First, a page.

Thesis (PhD)--Macquarie University, Division of Linguistics and Psychology, Dept. of Linguistics, 2008.
Bibliography: p. 303-317.
Introduction -- Literature review -- Identification of the unit of translation -- Towards a model for standardized TQA -- Mean criteria of the world -- Creating the mark deduction scheme -- Testing the model -- Applying the model -- Conclusion.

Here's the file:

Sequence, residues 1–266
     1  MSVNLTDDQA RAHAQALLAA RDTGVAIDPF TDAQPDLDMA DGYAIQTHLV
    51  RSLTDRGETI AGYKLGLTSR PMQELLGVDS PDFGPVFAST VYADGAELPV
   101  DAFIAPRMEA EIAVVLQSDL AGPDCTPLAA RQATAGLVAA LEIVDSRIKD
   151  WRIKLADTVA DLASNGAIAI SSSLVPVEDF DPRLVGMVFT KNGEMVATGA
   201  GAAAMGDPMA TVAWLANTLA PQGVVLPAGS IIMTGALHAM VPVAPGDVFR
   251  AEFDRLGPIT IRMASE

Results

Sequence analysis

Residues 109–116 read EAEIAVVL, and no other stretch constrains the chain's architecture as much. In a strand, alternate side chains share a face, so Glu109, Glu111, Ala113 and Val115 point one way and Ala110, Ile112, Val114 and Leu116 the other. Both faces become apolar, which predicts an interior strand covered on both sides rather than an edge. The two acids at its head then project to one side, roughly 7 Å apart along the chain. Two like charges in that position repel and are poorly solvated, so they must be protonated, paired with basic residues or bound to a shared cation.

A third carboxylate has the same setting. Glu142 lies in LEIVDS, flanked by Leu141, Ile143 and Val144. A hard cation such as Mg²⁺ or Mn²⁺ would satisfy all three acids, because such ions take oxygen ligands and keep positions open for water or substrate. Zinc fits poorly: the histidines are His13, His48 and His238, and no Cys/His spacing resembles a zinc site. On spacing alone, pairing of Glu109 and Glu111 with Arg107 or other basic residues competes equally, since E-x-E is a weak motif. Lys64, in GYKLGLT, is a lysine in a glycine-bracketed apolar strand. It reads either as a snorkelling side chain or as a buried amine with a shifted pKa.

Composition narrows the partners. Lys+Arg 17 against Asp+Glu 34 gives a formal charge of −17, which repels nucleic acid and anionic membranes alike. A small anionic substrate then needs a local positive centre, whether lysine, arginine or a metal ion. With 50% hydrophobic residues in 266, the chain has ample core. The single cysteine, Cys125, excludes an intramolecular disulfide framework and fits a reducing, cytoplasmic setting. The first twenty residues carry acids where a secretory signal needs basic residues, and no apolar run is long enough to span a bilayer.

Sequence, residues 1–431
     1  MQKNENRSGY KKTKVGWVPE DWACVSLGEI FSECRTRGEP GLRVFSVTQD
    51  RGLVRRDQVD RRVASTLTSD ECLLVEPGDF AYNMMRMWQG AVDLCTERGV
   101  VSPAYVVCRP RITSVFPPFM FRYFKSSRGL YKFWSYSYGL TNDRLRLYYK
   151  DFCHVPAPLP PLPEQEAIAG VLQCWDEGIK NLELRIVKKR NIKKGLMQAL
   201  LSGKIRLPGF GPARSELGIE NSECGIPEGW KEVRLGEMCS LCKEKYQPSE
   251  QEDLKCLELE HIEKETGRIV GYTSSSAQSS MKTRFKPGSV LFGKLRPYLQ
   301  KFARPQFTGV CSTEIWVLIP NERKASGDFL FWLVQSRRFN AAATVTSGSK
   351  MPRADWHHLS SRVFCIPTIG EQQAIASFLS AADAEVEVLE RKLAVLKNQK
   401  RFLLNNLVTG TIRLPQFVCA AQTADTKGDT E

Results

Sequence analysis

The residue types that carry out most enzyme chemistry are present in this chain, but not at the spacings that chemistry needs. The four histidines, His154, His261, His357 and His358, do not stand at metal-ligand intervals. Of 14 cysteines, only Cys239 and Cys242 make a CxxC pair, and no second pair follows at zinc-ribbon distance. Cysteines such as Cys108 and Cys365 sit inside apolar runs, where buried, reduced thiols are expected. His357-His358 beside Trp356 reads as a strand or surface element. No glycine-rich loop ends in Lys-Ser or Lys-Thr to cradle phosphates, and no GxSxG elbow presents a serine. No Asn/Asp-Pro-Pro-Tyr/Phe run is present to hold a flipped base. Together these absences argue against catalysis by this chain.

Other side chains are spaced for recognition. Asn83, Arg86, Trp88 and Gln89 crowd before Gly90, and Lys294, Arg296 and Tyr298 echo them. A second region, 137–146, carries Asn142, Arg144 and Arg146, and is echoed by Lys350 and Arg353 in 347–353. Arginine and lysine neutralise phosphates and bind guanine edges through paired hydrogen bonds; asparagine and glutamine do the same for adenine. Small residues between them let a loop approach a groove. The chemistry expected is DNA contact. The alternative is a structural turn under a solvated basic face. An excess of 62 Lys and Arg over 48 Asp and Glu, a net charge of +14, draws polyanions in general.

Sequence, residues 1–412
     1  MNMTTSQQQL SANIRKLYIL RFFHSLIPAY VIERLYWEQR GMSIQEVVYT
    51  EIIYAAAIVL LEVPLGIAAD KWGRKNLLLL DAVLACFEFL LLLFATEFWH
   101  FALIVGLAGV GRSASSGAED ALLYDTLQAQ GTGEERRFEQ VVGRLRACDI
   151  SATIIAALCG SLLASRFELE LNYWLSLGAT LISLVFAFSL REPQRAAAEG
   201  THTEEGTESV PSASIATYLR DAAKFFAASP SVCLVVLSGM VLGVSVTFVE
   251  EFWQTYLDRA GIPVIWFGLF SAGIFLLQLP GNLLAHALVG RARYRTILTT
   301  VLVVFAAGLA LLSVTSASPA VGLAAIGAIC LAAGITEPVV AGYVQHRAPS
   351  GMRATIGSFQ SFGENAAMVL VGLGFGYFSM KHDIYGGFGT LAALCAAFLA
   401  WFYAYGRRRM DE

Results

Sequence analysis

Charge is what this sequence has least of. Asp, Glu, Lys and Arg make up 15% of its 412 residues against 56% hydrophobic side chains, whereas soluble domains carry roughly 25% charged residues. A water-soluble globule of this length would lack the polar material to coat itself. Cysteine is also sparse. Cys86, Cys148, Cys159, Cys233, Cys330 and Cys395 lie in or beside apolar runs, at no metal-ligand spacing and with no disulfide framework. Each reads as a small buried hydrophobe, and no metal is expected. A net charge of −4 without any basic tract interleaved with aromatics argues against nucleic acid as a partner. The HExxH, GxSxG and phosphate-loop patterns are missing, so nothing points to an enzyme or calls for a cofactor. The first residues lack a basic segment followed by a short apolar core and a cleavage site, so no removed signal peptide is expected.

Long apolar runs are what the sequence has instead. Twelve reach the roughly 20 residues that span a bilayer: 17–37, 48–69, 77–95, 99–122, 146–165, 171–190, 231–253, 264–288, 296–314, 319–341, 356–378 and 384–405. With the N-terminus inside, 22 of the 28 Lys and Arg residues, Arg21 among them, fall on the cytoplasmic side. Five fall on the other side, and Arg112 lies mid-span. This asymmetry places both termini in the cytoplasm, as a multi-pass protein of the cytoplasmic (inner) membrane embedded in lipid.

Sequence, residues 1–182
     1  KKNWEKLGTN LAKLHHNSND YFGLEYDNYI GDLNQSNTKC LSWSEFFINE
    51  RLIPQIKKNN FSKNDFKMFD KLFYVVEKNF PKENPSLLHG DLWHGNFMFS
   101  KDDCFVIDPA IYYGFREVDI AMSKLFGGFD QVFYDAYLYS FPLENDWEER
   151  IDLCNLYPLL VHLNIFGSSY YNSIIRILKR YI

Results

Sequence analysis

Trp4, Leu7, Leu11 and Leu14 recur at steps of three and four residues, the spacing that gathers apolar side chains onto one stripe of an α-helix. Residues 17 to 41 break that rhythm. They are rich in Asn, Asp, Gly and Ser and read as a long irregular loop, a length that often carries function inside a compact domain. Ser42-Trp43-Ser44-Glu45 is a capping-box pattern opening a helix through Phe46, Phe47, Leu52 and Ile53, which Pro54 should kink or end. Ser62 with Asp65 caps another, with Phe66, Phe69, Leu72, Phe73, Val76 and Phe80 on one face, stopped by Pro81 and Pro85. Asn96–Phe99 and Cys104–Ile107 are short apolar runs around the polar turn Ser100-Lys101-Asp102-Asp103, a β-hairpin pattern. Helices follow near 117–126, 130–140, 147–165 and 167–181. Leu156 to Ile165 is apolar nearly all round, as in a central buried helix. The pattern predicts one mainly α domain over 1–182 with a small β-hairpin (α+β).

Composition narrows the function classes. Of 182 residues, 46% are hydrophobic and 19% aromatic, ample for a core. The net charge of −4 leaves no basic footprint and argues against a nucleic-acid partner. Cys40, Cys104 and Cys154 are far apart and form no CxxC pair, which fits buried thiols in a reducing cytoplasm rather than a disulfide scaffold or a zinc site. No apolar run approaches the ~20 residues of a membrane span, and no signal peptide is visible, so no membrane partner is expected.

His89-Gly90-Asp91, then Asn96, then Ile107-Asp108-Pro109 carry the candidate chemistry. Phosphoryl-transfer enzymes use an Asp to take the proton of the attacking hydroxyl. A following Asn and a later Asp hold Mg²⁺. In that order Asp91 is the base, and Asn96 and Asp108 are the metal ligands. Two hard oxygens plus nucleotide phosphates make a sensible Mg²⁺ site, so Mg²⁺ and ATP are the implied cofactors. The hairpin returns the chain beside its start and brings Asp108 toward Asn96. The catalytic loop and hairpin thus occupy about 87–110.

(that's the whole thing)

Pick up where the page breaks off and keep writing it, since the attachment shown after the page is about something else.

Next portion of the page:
Translation quality assessment (TQA) has been part of the translating process since Marcus Tullius Cicero (106-43BCE), and earnest studies on TQA have been conducted for several decades, but there has been no breakthrough in standardized TQA. Though the importance of TQA has been stressed, agreement on specific means of TQA has not been reached. As Chesterman and Wagner summarize, "Central to translation [...]," "[q]uality assessment is so complicated - especially if it is to be objective and reproducible" (2002: 80-81). The approaches to TQA published throughout the past millennia, by and large, are qualitative. "Whereas there is general agreement on the requirement for a translation to be 'good,' 'satisfactory,' or 'acceptable,' the definition of acceptability and of the means of determining it are matters of ongoing debate and there is precious little agreement on specifics" (Williams, 2004: xiv). Most published TQA approaches are neither objective nor reproducible. -- My study proposes a model for fuzzy standardized TQA through a quantitative approach, which expresses TQA results in numerical terms in a consistent manner. My model is statistics-based, practice-based and practice-oriented. It has been independently tested by eleven professors from four countries, fifteen senior United Nations translators, and fifty reader evaluators. My contrastive analysis of 23,000 pages of bilingual and multilingual texts has identified the unit of translation - the orthographic sentence in context, which is also verified by the results of an international survey among 66 professional translators, the majority of whom also confirm that they evaluate translations sentence by sentence in context. Halliday and Matthiessen's functional grammar theory, among others, provides my model for quantitative TQA with its theoretical basis, while the international survey, the necessary data. My model proposes a set of six Fuzzy Functional Translation Grammar terms, a grammar concept general enough to cover all grammar units in the translated orthographic sentence. Each term represents one type of error which contains from one to three sub-categories. Each error is assigned a value - the mean of the professional markers' deductions for relevant artificial errors and original errors. A marking scheme with sixteen variables under eight attributes is thus created. Ten marks are assigned to each unit of TQA, the sentence. For easy calculation, an arithmetic formula popularly used in statistics (Ex/n ) is adopted. With the assistance of a simple calculator, the evaluator can calculate the grade of a sentence, a sentence group, and the overall grade for an entire TT, regardless of its length. -- Perfect reliability or validity in any form of measurement is unattainable. There will always be some random error or noise in the data (McClendon, 2004: 7). Since it is the first of its type, I do not claim that my model is perfect. Variation has been found in the results of the testing performed by scholars and professional translators, but further testing based on two "easy" (markers' comment) sentences by the 50 reader evaluators respectively achieves 98% and 100% consistency, which indicates that markers' competence may equal constancy or that proper marker training and/or strict marker examination will minimize inconsistency among professional markers. My model, whose formulas withstand testing at the theoretical level and in practice, is not only ready for application, but it has profound implications beyond TQA, such as use in machine translation, and for other subjects like the role of the sentence in translation studies and translating practice.
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